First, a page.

The Godfather of sprezzatura, some say, is the now legendary Gianni Agnelli, the whipped-cream-haired motor magnate who famously wore his watch over his shirt sleeve in order to be able to tell the time more easily. This foible, and other sartorial idiosyncrasies, earned him attention and plaudits as a man of rare pragmatism and relaxed elegance. His style, while never outrageous or controversial, displayed an awkwardly charming humanity which belied his status as one of the wealthiest and most powerful Italians in the world. While always smart, he was never stiff; instead of manufacturing a look which might have ‘worn’ him, he simply wore clothing and silently commanded it to do what he wanted it to.
This victory over costume aligns with the adage that a man should wear the clothes and not allow the clothes to wear him; all that a man is should not be disguised by his attire. This is perhaps because it is humanity, and symbols of humanity, which are the more attractive, the more appealing and that the concealment of such symbols renders a man robotic in appearance. In much the same way that it is the flaws we admire and miss the most in the ones we love, it is the revealing of the man beneath the suit which instigates interest and attraction.
The three men pictured above will be well known to trawlers of The Sartorialist. What I think is interesting is that in all three pictures, there is an absence of posing. All three are expressing emotions. There is no pouting, no “this is the best shot of me” jacket-and-tie-straightening; it’s all personality and, crucially, all rather personal. For while it is a certainty that all three are wearing fine tailored clothing, it is also clear that their consciousness of such tailoring does not extend to removing or covering items that many gentlemen consider to be anachronism to the finesse otherwise displayed. On their wrists you can see all sorts of souvenirish woven and beaded bracelets that one would imagine would generally appeal to a passing pack of language students.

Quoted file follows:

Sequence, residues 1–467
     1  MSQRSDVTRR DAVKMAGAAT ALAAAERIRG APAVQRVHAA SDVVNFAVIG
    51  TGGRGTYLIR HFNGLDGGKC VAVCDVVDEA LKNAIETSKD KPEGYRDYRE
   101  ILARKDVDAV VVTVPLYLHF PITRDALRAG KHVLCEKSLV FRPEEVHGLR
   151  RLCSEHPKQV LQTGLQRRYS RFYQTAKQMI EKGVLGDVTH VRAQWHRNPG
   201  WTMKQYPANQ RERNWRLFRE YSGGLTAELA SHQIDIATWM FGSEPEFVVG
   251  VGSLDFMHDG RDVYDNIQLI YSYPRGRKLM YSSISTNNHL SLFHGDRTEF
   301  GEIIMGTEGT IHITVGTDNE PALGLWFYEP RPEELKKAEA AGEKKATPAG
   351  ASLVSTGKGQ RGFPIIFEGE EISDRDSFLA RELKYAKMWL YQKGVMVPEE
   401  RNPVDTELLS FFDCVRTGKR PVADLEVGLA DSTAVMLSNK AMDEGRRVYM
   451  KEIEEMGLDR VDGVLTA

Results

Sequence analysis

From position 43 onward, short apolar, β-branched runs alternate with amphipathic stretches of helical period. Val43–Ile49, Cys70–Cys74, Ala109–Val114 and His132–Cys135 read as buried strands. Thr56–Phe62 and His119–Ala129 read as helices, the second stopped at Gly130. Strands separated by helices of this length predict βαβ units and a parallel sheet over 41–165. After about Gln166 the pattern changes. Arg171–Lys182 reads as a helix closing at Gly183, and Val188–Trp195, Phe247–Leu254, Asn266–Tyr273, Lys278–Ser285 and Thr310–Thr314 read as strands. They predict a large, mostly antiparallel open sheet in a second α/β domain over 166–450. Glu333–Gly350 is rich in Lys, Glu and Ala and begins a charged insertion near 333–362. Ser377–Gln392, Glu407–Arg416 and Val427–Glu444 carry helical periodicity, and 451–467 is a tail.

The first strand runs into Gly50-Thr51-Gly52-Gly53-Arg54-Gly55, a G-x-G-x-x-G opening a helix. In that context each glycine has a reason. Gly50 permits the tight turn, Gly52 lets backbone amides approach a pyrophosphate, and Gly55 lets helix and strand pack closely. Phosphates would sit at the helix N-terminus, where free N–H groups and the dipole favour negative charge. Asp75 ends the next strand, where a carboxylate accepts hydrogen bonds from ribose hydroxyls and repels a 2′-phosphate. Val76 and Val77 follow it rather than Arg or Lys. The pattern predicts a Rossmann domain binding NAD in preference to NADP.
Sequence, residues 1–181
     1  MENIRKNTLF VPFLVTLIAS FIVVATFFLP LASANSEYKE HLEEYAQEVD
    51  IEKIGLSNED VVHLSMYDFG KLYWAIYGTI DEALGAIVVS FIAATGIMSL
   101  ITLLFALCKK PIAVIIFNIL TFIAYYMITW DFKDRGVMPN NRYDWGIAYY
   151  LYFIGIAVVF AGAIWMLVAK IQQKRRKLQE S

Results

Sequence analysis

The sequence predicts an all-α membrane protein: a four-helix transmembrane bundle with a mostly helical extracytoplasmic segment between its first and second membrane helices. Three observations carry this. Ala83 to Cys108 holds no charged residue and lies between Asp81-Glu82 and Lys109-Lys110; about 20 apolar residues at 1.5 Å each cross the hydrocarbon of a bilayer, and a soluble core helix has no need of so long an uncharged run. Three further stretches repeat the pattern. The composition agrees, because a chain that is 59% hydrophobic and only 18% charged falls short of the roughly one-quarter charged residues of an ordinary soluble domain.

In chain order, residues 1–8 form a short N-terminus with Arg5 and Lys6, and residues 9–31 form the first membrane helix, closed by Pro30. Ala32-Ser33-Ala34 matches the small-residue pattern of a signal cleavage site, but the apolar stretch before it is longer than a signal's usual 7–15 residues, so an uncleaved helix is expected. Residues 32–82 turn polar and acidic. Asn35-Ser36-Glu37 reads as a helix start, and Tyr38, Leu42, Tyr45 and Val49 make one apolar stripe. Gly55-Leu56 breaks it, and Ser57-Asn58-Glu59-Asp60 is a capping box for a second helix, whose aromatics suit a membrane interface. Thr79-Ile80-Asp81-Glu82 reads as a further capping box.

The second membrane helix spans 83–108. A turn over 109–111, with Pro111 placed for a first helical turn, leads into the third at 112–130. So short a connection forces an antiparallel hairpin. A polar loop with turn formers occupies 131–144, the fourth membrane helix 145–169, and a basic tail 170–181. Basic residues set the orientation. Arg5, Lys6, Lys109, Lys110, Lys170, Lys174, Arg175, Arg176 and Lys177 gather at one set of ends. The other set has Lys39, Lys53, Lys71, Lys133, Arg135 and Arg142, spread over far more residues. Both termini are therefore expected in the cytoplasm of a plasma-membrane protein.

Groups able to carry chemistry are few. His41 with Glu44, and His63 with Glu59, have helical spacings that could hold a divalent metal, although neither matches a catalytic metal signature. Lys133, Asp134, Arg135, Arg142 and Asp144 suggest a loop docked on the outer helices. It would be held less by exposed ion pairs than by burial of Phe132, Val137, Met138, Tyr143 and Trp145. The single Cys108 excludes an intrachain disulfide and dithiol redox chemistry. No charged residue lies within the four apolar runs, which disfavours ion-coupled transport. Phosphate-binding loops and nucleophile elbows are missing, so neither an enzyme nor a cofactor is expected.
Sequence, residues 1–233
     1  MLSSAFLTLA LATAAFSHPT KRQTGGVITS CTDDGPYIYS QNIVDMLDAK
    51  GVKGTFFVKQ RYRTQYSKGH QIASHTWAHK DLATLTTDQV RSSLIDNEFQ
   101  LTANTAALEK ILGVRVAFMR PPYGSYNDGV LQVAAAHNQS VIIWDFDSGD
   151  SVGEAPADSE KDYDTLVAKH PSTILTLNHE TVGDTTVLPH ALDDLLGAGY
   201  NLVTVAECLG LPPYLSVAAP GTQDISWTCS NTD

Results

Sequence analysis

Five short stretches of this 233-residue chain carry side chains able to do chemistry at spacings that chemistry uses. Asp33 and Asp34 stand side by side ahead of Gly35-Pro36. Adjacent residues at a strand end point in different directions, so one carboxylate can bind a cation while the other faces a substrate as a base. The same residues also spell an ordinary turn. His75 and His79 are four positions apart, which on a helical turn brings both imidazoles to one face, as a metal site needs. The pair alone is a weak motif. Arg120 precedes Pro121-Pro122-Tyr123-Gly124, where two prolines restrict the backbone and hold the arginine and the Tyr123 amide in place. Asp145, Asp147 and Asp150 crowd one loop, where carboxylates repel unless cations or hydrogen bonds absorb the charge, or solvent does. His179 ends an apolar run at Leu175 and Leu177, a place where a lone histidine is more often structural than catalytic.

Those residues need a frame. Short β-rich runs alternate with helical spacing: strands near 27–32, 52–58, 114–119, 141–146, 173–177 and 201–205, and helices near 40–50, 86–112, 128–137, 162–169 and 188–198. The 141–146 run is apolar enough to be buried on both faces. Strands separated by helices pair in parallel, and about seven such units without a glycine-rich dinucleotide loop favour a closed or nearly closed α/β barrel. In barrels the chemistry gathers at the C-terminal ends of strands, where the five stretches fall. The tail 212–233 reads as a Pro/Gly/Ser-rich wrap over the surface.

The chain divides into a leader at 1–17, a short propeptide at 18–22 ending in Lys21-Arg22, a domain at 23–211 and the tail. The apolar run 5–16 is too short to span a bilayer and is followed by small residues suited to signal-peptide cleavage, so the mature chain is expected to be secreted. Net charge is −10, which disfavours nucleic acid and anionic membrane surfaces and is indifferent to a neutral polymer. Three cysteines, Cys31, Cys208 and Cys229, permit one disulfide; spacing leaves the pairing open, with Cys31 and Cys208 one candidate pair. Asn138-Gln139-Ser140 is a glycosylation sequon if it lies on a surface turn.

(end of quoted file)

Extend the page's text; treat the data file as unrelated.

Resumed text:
Don Jaime de Marichalar (centre) wears a Jack Sparrow-esque collection of bangles and beads alongside a vintage wristwatch that may be Cartier or Jaeger LeCoultre in addition to a windowpane-check suit, horizontal stripe shirt and Hermes tie. Lino Ieluzzi (right), perhaps in discussion about tie knots or tight collars, wears a plain metal medicine bracelet alongside a woven leather bracelet, on his other wrist is a clashing gold bezel vintage wristwatch and he peers through blue acetate glasses. Luca Rubinacci (left), the most youthful of the trio, wears a mixture of beads and metal in a variety on colours on his right wrist.
There is no doubting that some readers will find this attention to detail, or lack of – whichever the case may be – unattractive and an unfortunate example of the modern man’s tendency to downgrade sartoria, but this sprezzatura actually succeeds in adding that vital element of humanity to the ensembles. It does not look manufactured either, as none of them are intentionally rolling up their sleeves to reveal what some might see as evidence of a midlife crisis. While sophisticatedly garbed, the bracelets convey a more pastoral image of the gentleman; as comfortable as he is in a double breasted jacket, you can see him at a barbecue holding a bottle of beer, chuckling at the songs being sung by the fire. He looks fun-loving, excitable and doesn’t hide himself behind his acquired taste in clothes; he is, quite simply, human.